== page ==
June 24, 2019

God Speaks - Shirley S. Tye

When God calls, do you hem and haw, and wonder who spoke?  “Was that God?  Nah! He wouldn’t pick me for a job like that. I can’t do that - don’t have the education or experience.”  We can come up with a number of excuses not to heed God’s calling just as Moses and Jonah.  

Moses had several excuses.  Some of his excuses were; I’m not good enough (“Who am I … Exodus 3:11); I don’t know what to say (“What shall I say to them?” Exodus 3:13); I’m not an eloquent speaker (“I am slow of speech and slow of tongue.” Exodus 4:10).  When God called Jonah; “Arise, go to Nineveh.” (Jonah 1:1).  Jonah did arise and go - but in the opposite direction. He outright refused God’s calling. After some persuasion, Jonah relented and did as God had requested. 

We may not have what it takes to carry out some of the missions which God wants us to fulfil when we first set out but He will “…equip us with everything good for doing His will…” (Hebrews  13:21) just as He did with Moses. “For nothing is impossible with God.” (Luke 1:37) And I suppose, when God wants us to do something He’ll keep knocking at our door until we answer Him and “arise and go”. He’ll do whatever it takes to catch our attention just as He did with Jonah.

As we carry out God’s calling for us, we might not be aware of the impact we make on others - or shall I say, how God is reaching others through us.  As writers, it may not always be our best work that carries a meaningful message to someone. 

When I had a story ministry a few years ago, I was excited by the invitations I received from churches, ladies’ groups, nursing homes, and a mentally challenged group of adults.  Sometimes story ideas came from God.  When that happened, the story flowed easily onto the paper and it was a joy to tell it.  But when I forced an idea, squeezing words from my mind and juggling them around until they appeared to make a reasonable story, it sounded like gibberish to me when I told it.  Afterwards, in my embarrassment, thoughts rolled about in my head; that was a terrible story; not my best work; and it was too long.  Despite that, there was always someone who came to me to let me know the story had touched them, or reminded them of something, or made them aware of something they had done or should have done.  It didn’t matter whether the story idea came from God or from my own imagination. There was no stopping God’s word from going out to whomever He especially wanted to reach at the time.  I was doing what God had called me to do; to encourage others. He blessed the listener and me.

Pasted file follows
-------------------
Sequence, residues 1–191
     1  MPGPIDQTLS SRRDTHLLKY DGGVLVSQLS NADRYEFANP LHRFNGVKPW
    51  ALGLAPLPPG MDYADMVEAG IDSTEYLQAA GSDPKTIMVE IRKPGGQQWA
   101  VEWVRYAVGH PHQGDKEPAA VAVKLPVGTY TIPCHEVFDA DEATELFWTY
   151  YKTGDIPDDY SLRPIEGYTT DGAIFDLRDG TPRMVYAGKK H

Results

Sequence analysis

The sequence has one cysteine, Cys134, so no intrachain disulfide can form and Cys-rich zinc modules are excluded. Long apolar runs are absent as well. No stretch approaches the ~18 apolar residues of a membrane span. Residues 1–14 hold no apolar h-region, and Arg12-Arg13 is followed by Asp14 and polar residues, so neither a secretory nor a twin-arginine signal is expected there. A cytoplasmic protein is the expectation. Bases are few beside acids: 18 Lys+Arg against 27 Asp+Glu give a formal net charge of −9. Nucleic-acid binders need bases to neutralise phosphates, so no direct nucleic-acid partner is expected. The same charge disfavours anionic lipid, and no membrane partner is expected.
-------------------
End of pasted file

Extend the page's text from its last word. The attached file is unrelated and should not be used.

3 comments:

  1. Shirley, I connect with the idea that sometimes God uses what seemed like gibberish to us to bless people. Not always what we'd consider our "best." I'm thinking also about your line: It didn’t matter whether the story idea came from God or from my own imagination. -I think we underestimate our "sanctified imagination" as though that isn't part of who we are as created in his image. There are many excuses out there, and within :) Thanks for this post!

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  2. Thanks for you thoughts on the way God uses our ministry, be it music, writing, or just living our lives, Shirley. Very recently I read 2 Corinthians 12:1-10, where Paul talks about boasting and accolades, of sorts. He says that if he were to boast, he would boast only in his weakness. And just so he wouldn’t think he was so wonderful, God gave him a thorn in the flesh, which he had asked God three times to remove.

    To that God replied, “My grace is sufficient for you, for power is made perfect in weakness.” It may not always be our award-winning pieces that speak to our readers. Paul concluded that he would boast of his weakness, “so that the power of Christ may dwell in me.” When the power of Christ dwells in us, that power can also work through us. May God continue to bless your writing and your stories, Shirley.

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  3. Thanks you for this post, Shirley. I feel the same way sometimes - torn between excitement and doubt/just feeling tired of it all... Then someone mentions the positive impact and it makes me realize that its all worth it, even if it only affects one person. perhaps this is a lesson for all of us to make sure we give those words of encouragement when something impacts us. It might be just what the writer needs to hear...

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